EIT: Amnesty Internationalin Turkin osaston johtajan pidätys perusteeton – lukuisia ihmisoikeusloukkauksia

31.5.2022 | Oikeusuutiset

Markku Fredman

Unlawful and arbitrary pre-trial detention of the Chair of the Turkish branch of Amnesty International: several violations

The case concerned the initial and continued pre-trial detention of Mr Kılıç who, at the relevant time, was Chairperson of the Turkish branch of the NGO Amnesty International. Mr Kılıç was
arrested in June 2017 on suspicion of belonging to the organisation FETÖ/PDY1. The authorities accused him, in particular, of using the ByLock messaging service, and of other offences.
In today’s Chamber judgment2 in the case of Taner Kılıç (no. 2) v. Turkey (application no. 208/18) the European Court of Human Rights held, unanimously, that there had been:

  • a violation of Article 5 § 1 (lack of reasonable suspicion justifying initial and continued pre-trial detention) of the European Convention on Human Rights.

The Court held that the Government had been unable to show that, on the date at which the applicant was initially placed in pre-trial detention or during the subsequent phases of his pre-trial
detention, the evidence cited by the national judges had met the standard of “reasonable suspicion” required by Article 5 of the Convention, such as to satisfy an objective observer that the applicant could have committed the offences for which he had been detained. The Court also considered that the interpretation and application of the legislative provisions relied on by the domestic authorities had been unreasonable, so as to render Mr Kılıç’s detention unlawful and arbitrary. It concluded that there was no reasonable suspicion that Mr Kılıç had committed an offence, either on the date that he was placed in pre-trial detention or when it was extended.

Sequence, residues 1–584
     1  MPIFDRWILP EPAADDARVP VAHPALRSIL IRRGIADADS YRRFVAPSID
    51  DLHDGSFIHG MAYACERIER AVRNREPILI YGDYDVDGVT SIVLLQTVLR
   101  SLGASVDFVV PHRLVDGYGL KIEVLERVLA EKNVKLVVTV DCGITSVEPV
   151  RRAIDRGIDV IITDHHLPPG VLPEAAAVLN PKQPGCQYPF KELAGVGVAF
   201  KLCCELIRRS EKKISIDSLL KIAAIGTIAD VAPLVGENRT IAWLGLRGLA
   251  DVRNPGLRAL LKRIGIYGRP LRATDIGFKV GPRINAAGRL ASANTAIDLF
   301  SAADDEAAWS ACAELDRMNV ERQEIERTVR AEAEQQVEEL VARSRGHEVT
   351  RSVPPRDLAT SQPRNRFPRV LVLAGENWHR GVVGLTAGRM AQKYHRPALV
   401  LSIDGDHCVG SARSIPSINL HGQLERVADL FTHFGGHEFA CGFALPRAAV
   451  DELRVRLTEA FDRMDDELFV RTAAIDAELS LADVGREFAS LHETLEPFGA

• a violation of Article 5 § 3 (failure to provide reasons for decisions concerning pre-trial detention).

The Court reiterated that the persistence of a reasonable suspicion that the detainee had committed an offence was a sine qua non for the validity of his or her continued detention. In the present case, in the absence of such reasons, it considered that there had been a violation of Article 5 § 3.  a violation of Article 5 § 5 (no compensatory remedy for unjustified pre-trial detention). The Court considered that the action for damages provided for in Article 141 of the Code of Criminal Procedure could not be regarded as a compensatory remedy for the purposes of Article 5 § 5 of the Convention in respect of complaints alleging a lack of reasonable grounds to suspect a person of having committed an offence and a lack of relevant and sufficient reasons justifying pre-trial detention.

  • a violation of Article 10 (freedom of expression)

The Court considered that Mr Kılıç’s initial placement in pre-trial detention in the context of the second set of criminal proceedings brought against him, on account of actions that were directly linked to his activity as a human-rights defender, amounted to a genuine and effective restriction and thus an “interference” in the exercise of his right to freedom of expression. In the Court’s view, the interference with the exercise of Mr Kılıç’s rights and freedoms as guaranteed by Article 10 of the Convention could not be justified, since it had not been prescribed by law.

Press release


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